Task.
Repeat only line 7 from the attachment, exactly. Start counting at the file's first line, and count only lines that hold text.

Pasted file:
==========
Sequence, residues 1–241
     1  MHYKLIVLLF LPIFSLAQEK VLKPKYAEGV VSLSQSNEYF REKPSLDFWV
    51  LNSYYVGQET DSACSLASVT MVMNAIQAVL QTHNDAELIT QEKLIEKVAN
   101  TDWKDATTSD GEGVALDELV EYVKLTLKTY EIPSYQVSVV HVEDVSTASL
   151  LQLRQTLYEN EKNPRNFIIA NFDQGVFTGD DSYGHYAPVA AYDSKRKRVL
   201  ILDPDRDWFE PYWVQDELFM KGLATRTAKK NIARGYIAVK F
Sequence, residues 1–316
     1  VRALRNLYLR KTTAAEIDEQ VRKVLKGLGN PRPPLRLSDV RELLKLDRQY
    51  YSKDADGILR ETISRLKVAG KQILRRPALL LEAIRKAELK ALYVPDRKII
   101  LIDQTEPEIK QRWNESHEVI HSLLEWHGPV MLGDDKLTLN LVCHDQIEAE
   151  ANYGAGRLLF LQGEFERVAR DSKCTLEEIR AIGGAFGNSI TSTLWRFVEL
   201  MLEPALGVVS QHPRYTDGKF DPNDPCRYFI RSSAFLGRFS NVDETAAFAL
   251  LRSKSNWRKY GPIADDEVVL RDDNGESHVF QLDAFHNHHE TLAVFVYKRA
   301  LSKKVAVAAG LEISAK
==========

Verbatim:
Sequence, residues 1–316